Economic Exasperation

At the end of this quarter, according to most economists, the U.S. economy will have completed 7 years of so-called expansion (28 quarters from 2009Q3 to 2016Q2) with an anemic annual growth rate of 2 percent. I have been writing about the persistence of this slow crawl—along with anemic productivity growth, anemic employment growth, anemic income growth—since the recovery’s early days, and blaming government economic policy all the way. See the list below of 30 posts on which have also considered counter arguments from “weak recovery denial” to its just “secular stagnation” (click on “Slow Recovery” category in box over on the left for details).

But people’s exasperation and anger about the economy and Washington policy revealed in this presidential election proves the point better than any abstract statistic ever could. Many people are hurting in many ways.  It is a tragedy and policy should change. For many, it’s economic exasperation rather than economic expansion.

Here is an update of a graph I used early on to compare this recovery with the 1980s recovery.

gdp comp 2015q4

And here is an update of a graph that makes the same comparison using the change in the employment to population ratio.

emp to pop 2016-3

The recent performance pales in comparison as does economic policy. Compared with my charts in previous posts, it’s really “same old, same old” for GDP growth and while, if you look closely, you can see a welcome uptick in the employment to population ratio, even at that pace it will take many years to close the gap.

Here is a list of the posts:

  • Can We Restart This Recovery All Over Again? September 12, 2015,
  • Growth Accounting for a Liberated Recovery, June 22, 2015,
  • Liberate the Recovery March 4, 2015
  • A Review of Recoveries in Contrast February 15, 2015
  • The American Economy: Turtle or Caged Eagle? August 1, 2014
  • Why Still No Real Jobs Takeoff? March 7, 2014
  • First Principles Versus Secular Stagnation January 31, 2014
  • With Better Policy, the Recovery Could Have Been V-Shaped September 16, 2013
  • Detecting the Source of Our Recent Poor Economic Performance September 3, 2013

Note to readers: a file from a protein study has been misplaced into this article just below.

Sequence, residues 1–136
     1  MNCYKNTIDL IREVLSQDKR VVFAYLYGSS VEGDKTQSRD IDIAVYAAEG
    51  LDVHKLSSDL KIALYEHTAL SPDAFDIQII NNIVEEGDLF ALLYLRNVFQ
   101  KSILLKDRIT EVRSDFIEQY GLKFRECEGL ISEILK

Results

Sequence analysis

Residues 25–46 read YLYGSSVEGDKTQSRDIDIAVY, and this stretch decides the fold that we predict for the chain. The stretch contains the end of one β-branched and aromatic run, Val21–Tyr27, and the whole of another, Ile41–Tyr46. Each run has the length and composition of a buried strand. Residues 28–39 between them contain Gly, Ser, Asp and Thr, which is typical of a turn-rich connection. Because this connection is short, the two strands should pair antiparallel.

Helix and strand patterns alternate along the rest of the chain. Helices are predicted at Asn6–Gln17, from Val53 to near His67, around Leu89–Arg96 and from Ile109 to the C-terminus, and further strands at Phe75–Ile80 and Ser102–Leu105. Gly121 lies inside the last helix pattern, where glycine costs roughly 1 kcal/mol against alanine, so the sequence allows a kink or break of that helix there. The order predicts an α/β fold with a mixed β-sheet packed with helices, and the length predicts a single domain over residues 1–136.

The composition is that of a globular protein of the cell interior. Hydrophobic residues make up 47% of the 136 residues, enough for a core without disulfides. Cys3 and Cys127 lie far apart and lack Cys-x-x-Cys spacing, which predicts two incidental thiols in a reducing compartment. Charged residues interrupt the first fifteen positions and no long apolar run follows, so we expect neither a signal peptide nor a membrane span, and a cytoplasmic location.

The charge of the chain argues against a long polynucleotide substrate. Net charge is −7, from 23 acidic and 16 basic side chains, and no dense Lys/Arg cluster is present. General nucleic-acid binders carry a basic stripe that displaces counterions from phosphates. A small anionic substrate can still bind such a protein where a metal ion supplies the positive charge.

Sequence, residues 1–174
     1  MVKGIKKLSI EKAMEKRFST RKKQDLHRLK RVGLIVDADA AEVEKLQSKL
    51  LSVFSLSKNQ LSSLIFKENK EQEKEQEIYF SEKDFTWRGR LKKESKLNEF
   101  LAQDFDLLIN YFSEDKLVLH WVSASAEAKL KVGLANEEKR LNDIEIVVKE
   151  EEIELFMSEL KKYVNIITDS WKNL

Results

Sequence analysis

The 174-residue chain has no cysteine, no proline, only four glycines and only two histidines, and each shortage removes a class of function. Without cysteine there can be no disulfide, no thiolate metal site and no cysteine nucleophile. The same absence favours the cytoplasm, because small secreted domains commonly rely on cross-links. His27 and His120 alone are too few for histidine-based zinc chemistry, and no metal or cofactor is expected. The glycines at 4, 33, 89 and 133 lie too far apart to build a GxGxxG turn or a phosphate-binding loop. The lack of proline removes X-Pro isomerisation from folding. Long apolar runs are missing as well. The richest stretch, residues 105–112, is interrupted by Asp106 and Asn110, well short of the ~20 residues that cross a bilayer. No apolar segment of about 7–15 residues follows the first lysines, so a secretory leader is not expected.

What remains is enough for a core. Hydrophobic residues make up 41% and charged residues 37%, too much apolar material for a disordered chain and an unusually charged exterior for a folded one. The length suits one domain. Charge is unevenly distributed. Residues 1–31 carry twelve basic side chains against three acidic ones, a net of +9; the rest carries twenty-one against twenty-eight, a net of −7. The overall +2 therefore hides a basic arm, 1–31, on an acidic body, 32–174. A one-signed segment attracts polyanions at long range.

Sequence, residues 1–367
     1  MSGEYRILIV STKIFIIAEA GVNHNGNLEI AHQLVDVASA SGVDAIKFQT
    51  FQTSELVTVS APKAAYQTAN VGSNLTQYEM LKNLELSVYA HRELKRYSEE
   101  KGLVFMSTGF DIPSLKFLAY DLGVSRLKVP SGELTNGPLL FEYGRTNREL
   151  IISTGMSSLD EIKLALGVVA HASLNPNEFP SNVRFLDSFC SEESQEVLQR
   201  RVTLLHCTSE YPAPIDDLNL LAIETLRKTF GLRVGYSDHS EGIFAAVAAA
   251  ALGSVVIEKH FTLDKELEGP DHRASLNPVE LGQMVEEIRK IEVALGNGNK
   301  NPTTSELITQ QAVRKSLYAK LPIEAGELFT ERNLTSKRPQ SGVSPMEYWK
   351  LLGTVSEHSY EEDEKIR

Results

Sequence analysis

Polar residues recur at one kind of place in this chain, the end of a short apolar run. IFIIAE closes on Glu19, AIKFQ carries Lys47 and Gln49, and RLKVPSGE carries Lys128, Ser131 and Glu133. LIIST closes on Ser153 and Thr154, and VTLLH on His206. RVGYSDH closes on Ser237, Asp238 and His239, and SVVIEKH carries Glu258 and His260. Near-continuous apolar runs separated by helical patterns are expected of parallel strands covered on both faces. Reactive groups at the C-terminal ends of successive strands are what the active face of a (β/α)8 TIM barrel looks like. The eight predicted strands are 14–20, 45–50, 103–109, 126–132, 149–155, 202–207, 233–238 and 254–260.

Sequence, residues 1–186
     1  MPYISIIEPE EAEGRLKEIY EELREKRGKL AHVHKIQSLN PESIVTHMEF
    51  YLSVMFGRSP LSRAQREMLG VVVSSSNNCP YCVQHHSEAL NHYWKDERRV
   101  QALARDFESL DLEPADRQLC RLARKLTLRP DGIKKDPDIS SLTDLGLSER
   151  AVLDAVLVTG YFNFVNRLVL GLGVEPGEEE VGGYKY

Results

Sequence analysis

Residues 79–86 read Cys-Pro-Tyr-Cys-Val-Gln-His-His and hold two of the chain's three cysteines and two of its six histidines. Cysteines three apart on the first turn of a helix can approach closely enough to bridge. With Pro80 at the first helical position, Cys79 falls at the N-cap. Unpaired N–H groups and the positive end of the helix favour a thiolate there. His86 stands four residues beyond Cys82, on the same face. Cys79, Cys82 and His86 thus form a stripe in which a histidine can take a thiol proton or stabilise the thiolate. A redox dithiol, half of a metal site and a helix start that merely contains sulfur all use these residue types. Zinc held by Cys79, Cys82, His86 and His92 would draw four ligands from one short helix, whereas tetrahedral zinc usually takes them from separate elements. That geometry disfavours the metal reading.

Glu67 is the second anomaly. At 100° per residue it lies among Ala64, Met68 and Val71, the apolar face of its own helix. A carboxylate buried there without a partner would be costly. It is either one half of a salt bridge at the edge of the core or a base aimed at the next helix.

• What to Call This Very Slow Recovery? August 12, 2013*
  • Crawling Along August 3, 2013
  • Policy Uncertainty Makes Firms Reluctant to Hire: New Evidence July 31, 2013
  • It’s Not Whether, It’s Why Recovery Has Been So Weak July 8, 2013
  • Don’t Blame Weak Recovery on State and Local Spending Cuts June 15, 2013
  • Job Growth–Barely Keeping Pace with Population June 10, 2013
  • Ed Leamer on the Weak Recovery June 3, 2013
  • Same Old Slow Recovery February 4, 2013
  • A Slow and Declining Growth Rate Delays Prosperity November 1, 2012
  • An Unusually Weak Recovery as Usually Defined October 26, 2012
  • Weak Recovery Denial October 18, 2012
  • More on the Unusually Weak Recovery October 15, 2012
  • Simple Proof That Strong Growth Has Typically Followed Financial Crises October 11, 2012
  • From Economic Scare Stories to the Other Side of Reality October 8, 2012
  • Government Policies and the Delayed Economic Recovery August 29, 2012
  • It’s Still a Recovery in Name Only–A Real Tragedy August 4, 2012
  • More Evidence on What Is Holding the Economy Back May 13, 2012
  • Debate and Evidence on the Weak Recovery May 2, 2012
  • Reassessing the Recovery February 6, 2012
  • The Two Year Anniversary of the Non-Recovery June 22, 2011
  • Government Policy and the Slowdown July 20, 2010

*David Wessel ‏@davidmwessel  answered this question in a tweet on Aug 12, 2013: “John Taylor wonders what to call this very slow economic recovery? Suggest ‘The Great Delay’?”  But after three more years, and seven years and counting, I think there’s “Waiting for Godot” absurdity to David’s suggestion.

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